Since I can't access this blog in China (well, I can, sort of, obviously, but it's a pain in the neck and I can't upload pictures), I've decided to move it elsewhere. So, for those of who you actually seem to enjoy my writing (a phenomenon I find personally baffling), set sail for The (New) World at http://lesamantsreguliers.wordpress.com, where you can find my belated response to David Fincher's Zodiac.
Tuesday, May 24, 2011
Friday, March 4, 2011
(No directing of actors.)
(No learning of parts.)
But the use of working models, taken from life.
BEING (models) instead of SEEMING (actors).
—Robert Bresson, Notes on the Cinematograph (1975)
Like the characters in her earlier Lost in Translation (2003), the subject--one hesitates to call him the protagonist--of Sofia Coppola's new film, Somewhere (2010), is a guy with what might be described as "white people problems." Johnny Marco (Stephen Dorff) is a B-list Hollywood actor who's so bored with his debauched lifestyle (he's evidently slept with more women than the hero of a Gabriel García Márquez novel) that when he hires identical twin prostitutes to perform a striptease for him in his swanky hotel room, he finds it a struggle just to stay awake. To be sure, the performance is not particularly erotic (though well rehearsed and impressive from an athletic standpoint, it lacks passion), and that bed does look super comfy, but that's beside the point. If he's bored, he should quit his moping and read a book or something.
Stylistically, Coppola appears to have been influenced by Monte Hellman's Two Lane Blacktop (1971), the counterculture road movie written by Rudy Wurlitzer. As in that film (as well as Coppola's previous movie, Marie Antoinette ), what little dialogue there is is of little consequence, and is overheard more than heard. The film opens with a static shot of Johnny's black sports car being driven around (and around) in circles, and there are many more shots to come of the same car being driven around Los Angeles--including the closing sequence in which Johnny takes his car out to the middle of nowhere, parks it beside a stretch of highway, and just walks away. I guess this is supposed to represent his walking away from fame and success, but while Coppola has a pretty solid grasp on what it's like to be rich and pampered and feel indifferent to it, she appears to have no inkling whatsoever as to how else a person might live. So the film simply ends there.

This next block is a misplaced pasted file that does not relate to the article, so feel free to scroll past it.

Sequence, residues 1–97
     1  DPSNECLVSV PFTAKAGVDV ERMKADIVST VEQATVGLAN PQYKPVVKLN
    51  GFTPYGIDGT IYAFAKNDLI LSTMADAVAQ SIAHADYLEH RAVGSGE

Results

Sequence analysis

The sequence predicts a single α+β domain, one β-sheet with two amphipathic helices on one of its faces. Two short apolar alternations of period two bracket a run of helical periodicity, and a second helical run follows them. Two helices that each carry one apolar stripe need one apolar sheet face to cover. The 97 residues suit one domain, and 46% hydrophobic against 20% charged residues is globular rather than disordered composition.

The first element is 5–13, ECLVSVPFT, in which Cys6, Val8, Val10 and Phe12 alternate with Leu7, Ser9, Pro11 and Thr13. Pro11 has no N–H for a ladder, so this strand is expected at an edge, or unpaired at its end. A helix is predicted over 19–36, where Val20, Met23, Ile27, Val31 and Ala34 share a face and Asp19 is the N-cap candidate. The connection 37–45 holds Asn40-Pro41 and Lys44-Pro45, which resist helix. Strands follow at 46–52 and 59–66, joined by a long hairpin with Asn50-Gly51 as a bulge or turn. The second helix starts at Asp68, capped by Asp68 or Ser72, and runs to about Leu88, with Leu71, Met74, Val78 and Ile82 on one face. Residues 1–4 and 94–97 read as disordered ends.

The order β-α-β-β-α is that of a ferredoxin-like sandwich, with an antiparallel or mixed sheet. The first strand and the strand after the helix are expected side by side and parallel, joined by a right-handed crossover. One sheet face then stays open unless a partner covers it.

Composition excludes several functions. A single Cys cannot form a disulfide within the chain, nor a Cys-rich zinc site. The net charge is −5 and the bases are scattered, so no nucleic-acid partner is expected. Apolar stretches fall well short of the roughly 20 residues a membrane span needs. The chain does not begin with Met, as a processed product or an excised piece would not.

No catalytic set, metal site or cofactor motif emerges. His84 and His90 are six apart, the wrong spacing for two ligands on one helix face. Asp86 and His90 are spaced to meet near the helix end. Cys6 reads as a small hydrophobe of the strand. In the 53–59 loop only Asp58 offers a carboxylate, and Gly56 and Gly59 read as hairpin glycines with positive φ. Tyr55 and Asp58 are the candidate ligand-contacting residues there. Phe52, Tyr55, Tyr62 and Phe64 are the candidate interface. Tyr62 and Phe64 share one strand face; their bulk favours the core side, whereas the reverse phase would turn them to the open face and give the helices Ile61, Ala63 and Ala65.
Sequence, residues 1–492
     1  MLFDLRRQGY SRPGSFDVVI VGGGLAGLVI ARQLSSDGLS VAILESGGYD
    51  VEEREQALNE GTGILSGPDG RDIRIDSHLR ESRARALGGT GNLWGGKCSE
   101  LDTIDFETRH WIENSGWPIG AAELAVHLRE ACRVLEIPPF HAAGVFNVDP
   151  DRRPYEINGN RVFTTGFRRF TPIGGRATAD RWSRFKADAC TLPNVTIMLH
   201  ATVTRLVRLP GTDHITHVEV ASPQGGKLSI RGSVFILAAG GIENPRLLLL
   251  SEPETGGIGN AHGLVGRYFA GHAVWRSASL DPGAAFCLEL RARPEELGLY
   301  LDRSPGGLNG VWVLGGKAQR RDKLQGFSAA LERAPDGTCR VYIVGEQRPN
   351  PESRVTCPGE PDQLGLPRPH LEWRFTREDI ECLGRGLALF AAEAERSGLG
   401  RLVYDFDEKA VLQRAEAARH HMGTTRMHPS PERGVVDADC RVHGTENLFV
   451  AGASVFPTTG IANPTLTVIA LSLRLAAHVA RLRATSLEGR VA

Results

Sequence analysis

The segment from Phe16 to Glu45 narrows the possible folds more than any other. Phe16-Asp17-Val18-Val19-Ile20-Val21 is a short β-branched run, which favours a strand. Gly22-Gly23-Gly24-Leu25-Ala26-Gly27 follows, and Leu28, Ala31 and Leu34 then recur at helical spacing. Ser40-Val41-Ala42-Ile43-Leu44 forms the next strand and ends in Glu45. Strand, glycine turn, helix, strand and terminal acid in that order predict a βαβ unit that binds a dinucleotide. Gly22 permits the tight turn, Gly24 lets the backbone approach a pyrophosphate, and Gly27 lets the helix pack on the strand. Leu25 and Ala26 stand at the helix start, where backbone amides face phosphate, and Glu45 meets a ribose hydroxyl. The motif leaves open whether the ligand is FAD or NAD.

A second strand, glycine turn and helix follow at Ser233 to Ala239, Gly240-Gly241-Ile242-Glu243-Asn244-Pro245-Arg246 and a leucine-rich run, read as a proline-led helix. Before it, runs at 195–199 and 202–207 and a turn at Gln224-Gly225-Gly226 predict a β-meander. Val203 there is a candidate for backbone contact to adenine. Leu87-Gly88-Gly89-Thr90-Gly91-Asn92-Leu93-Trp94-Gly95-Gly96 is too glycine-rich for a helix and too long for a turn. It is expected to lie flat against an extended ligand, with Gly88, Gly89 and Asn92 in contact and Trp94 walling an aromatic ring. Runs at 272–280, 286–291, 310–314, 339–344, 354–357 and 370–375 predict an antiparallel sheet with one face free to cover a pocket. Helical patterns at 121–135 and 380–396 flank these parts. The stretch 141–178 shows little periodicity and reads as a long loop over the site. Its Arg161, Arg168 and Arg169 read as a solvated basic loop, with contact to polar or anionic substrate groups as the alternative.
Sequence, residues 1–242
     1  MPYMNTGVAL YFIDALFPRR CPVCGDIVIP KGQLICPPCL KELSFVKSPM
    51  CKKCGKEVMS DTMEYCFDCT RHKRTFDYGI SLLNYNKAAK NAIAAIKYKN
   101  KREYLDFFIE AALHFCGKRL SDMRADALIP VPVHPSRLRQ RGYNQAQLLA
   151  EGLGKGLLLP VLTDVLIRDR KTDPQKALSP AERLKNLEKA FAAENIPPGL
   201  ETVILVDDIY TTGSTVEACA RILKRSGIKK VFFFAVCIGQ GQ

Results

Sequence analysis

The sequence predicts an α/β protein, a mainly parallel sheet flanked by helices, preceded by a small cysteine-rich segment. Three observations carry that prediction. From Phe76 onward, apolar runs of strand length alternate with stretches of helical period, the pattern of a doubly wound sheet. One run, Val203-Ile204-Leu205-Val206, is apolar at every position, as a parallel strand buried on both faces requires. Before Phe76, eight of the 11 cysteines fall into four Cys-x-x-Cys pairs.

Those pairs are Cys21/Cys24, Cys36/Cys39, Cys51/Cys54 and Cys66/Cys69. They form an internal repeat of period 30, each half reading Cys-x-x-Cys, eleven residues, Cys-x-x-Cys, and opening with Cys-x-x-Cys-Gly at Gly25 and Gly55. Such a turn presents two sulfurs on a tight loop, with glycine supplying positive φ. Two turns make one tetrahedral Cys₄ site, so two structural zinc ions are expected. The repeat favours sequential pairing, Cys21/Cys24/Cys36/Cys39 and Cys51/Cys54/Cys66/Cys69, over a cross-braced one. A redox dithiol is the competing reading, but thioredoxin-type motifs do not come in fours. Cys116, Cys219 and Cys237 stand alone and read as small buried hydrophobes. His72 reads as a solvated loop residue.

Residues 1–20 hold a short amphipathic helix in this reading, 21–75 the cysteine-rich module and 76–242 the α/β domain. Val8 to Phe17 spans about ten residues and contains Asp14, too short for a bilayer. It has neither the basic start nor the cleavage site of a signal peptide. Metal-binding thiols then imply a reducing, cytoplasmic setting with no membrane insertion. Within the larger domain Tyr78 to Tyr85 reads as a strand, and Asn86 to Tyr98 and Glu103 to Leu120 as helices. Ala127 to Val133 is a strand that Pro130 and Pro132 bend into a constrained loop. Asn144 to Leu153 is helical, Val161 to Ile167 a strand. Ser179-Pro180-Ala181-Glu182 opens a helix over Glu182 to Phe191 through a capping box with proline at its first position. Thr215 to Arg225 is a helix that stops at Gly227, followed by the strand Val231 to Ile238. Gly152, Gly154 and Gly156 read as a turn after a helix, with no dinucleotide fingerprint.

Between these bookending sequences, Johnny's eleven year old daughter, Cleo (Elle Fanning), turns up at his door, and it's here that the film shifts into high gear. While Dorff is obviously an actor trying to seem like he's bored, Fanning really is a little girl. To be sure, there are moments when she's clearly acting, as when she breaks into tears at one point late in the film. But for the most part, although Fanning is a professional actress who's appeared in other commercial movies, what Coppola does with her resembles the use of non-actors by a director like Bresson in that she seems to choose her performers, not for their ability to transform themselves into a completely different person, but for who they intrinsically are. (That said, there's little to no evidence of any direct influence.)
It's impossible to tell just by looking at the film how much of the dialogue was prepared in advance, and how much was improvised by the actors. As in Federico Fellini's La dolce vita (1960), the numerous celebrities who make cameos here simply seem to be dropping by, as opposed to playing a scripted role--most notably, Chris Pontius from Jackass (whom one doesn't normally think of as an actor at all) as Johnny's childhood friend, Sammy. When the latter jokes with Cleo about her ballet teacher possibly being an alcoholic, his dialogue may have been written by Coppola for all I know, but it sounds like something that Pontius would actually say in that situation to get a kid to laugh, and Fanning's reactions seem spontaneous (Coppola doesn't cut away to a separate reaction shot). In other words, rather than asking her actors to become some one else, Coppola tailors each role to the personality of the performer to such a degree that the viewer isn't always sure where the real person ends and the performance begins. And if you agree with Jonathan Rosenbaum that much of what's described as cutting-edge in cinema entails a blurring of the usual distinctions between fiction and non-fiction (Bresson's films being a prime example), then this may be Coppola's most avant-garde film yet.
To admit that X may be by turns Attila, Mahomet, a bank clerk, a lumberman, is to admit that the movies in which he acts smack of the stage. Not to admit that X acts is to admit that Attila = Mahomet = a bank clerk = a lumberman, which is absurd. [...] An actor in cinematography might as well be in a foreign country. He does not speak its language.